After falling 11 percent last week, the Nasdaq composite index gained 103.99, or nearly 3 percent, to 3,766.99. The ratio between advancing and declining stocks was about even, but advancers generated a volume of 1.05 billion shares, compared to 422 million volume churned by decliners.
The Standard & Poor's 500 index climbed 10.94 to 1,430.83, and the Dow Jones industrial average rose 10.81 to close at 10,521.98 led by Intel, which rose $2.25 to $66.81. Microsoft, a component of the Dow, inched up 19 cents to $69.88.
Last week, the Dow slipped 2 percent for the week and the S&P 500 shed 4 percent.
Last week's sharp decline followed several positive earnings announcements, surprising some analysts. "If second-quarter earnings aren't good enough to get the markets moving in the short term, I don't know what is," said Phil Dow, a market strategist at Dain Rauscher Wessels.
Dow advised investors to sit tight, saying a broad market rally may take up to three months. "It'll take time, but the outlook is still pretty good for stocks in general," he said.
At the end of regular trading today, Nokia rose 50 cents to $44.31, while WorldCom climbed $2.50 to $39.06.
A positive economic report today helped spark investor optimism. The National Association of Purchasing Manufacturers index for Chicago, which outlines manufacturing activity in Chicago, declined to 52 in July from 56.8 in June.
"This level indicates sustained but slowing growth," said Peter Kretzmer, an economist at Banc of America Securities. The numbers show that the Federal Reserve's main objective of restraining economic growth by raising interest rates seems to be working.
Today's report is the latest of several that have indicated the economy is slowing somewhat, possibly convincing the Fed to hold back from further rate increases when it meets again in late August.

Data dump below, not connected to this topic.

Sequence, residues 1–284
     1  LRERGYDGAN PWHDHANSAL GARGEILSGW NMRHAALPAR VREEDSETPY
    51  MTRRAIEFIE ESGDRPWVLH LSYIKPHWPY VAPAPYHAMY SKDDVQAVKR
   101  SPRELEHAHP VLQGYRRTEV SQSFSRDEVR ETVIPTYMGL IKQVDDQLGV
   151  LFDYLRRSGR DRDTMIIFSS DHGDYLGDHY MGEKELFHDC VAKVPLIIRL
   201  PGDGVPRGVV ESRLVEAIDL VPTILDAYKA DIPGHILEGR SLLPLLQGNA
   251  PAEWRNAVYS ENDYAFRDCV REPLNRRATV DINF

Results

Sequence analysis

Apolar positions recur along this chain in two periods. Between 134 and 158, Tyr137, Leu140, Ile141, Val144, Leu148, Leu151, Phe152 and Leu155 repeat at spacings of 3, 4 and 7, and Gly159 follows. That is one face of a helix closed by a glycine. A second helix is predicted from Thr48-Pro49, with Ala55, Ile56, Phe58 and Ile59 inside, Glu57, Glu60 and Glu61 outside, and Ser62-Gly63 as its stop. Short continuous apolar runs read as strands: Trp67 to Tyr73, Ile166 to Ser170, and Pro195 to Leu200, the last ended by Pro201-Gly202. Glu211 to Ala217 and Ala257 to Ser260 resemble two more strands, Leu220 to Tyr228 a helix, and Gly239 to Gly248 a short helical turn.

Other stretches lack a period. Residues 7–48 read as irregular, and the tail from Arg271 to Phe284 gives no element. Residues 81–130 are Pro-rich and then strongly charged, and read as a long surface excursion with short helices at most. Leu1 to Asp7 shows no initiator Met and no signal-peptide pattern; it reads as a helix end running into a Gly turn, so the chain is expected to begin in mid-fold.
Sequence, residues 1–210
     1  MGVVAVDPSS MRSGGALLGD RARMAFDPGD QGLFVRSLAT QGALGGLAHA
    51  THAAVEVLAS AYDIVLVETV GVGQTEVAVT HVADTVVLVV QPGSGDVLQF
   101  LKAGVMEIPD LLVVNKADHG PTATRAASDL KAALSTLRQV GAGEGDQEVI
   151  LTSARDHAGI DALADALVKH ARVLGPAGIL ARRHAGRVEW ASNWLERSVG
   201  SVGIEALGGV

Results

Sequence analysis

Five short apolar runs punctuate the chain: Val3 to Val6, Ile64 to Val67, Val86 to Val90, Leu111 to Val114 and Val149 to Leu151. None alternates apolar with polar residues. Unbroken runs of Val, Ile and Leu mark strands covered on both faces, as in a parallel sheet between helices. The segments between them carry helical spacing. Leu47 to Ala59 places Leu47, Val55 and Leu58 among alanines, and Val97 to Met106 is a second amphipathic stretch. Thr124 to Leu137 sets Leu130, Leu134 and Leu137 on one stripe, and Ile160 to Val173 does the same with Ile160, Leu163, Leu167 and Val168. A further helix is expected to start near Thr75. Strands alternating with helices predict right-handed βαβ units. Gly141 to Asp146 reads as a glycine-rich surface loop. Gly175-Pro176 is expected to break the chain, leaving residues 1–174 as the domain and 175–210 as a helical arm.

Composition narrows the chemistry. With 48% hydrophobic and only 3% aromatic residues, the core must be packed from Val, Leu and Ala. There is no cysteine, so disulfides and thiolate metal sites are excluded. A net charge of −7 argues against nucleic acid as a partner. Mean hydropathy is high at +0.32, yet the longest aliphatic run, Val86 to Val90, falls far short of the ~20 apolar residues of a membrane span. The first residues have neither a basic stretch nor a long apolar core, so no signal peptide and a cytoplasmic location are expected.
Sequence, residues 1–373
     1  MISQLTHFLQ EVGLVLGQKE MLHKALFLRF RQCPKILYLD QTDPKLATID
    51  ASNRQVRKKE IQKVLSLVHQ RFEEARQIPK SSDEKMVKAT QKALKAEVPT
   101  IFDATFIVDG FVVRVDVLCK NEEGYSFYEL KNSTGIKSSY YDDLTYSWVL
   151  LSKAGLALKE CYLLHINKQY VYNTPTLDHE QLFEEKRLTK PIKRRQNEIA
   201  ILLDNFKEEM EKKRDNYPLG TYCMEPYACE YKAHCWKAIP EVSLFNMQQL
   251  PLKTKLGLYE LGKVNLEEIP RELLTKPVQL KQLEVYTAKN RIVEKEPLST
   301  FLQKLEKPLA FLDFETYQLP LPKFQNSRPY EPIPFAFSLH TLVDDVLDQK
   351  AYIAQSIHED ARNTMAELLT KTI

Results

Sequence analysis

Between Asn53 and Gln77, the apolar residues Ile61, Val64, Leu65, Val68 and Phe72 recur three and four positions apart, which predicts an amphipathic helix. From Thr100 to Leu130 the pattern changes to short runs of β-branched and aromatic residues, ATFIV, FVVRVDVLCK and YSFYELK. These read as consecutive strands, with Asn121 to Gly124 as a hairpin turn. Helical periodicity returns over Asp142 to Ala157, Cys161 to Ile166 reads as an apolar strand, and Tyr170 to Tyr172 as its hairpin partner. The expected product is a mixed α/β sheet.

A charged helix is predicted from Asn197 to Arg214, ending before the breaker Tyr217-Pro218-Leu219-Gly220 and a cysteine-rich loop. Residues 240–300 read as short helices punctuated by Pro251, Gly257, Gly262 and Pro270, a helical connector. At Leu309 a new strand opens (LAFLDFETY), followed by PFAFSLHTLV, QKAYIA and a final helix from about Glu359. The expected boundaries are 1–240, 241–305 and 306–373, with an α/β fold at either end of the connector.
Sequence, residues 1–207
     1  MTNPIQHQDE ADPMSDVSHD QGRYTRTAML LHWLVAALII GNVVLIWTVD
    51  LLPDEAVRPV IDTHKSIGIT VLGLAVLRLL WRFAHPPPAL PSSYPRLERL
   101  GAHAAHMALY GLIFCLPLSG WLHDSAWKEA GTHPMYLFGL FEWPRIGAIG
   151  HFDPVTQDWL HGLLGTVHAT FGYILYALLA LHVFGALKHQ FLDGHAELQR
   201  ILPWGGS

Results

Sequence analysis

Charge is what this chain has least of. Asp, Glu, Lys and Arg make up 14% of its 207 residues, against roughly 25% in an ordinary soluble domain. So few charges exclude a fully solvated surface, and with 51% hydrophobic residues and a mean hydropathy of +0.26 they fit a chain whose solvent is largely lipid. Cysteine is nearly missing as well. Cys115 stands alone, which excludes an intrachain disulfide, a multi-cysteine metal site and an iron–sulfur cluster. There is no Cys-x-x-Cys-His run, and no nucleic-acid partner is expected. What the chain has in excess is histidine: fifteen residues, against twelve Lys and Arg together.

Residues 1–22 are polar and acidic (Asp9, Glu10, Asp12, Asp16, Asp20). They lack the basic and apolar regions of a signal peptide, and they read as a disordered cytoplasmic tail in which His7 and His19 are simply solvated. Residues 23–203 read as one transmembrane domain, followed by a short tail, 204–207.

The NAPM index for the entire country will be released tomorrow, which some economists say will reveal a similar slowdown.
The CNET tech index gained 64.88 to close at 2,731.12. Winners trounced losers, with 78 of the 97 stocks in the index rising, 17 falling and two remaining unchanged.
All of the 18 sectors tracked finished in the green. Makers of networking equipment and server software posted the strongest gains, surging about 6 percent and 5 percent, respectively.
Better-than-expected earnings from Storage Technology sparked a 4 percent surge in the computer data storage sector. The maker of data storage devices reported a second-quarter profit from operations of 9 cents a share, beating the 5-cent average estimate of six analysts surveyed by First Call/Thomson Financial. The company's shares rose $2.75, or 27 percent, to $12.88.
Seagate Technology rose $6.31, or 14 percent, to $50.69. Network Appliance climbed $1.19 to $86.19. Brocade Communications Systems leaped $14.69, or nearly 9 percent, to $178.63. EMC jumped $2.88 to $84.50.
National Computer Systems made some big gains today on the Nasdaq. Shares of the school administration software developer rose $13.75, or nearly 24 percent, to $71.88 after London based Pearson, the world's largest educational publisher, agreed to buy National Computer for $2.5 billion. Volume surpassed 8.7 million shares, more than 27 times the stock's daily average of about 324,000.
Among members of the CNET tech index, Broadcom rose $11.19 to $224.25 after the semiconductor maker said it would buy Altima Communications for $533 million in stock to gain greater access to small- to medium-sized businesses.
Veritas Software also jumped $14.25, or almost 16 percent, to $101.94, while chipmaker PMC-Sierra rose $16.63, or 9 percent, to $193.81.
WebEx posted the biggest percentage loss on the Nasdaq, one day after the company launched an initial public offering. The provider of services that enable companies to hold meetings via the Internet fell $12.19, or about 37 percent, to $20.88.
Taiwan Semiconductor Manufacturing, the world's largest contract manufacturer of semiconductors, today announced that its second-quarter earnings more than doubled amid strong demand for outsourced chips. The company's shares rose $2.13 to $30.38.
Shares of Juno Online Services rose $1.06, or 13 percent, to $9.06 after Time Warner said it would carry Juno's high speed Internet access services on its cable network, the first instance that Time Warner Cable has offered access to its network. Time Warner's shares rose $1.31 to $76.69.
The Philadelphia semiconductor index rose 25.27, or almost 3 percent, to 975.17, led by chipmaker Altera, which gained $5.06 to $98.19.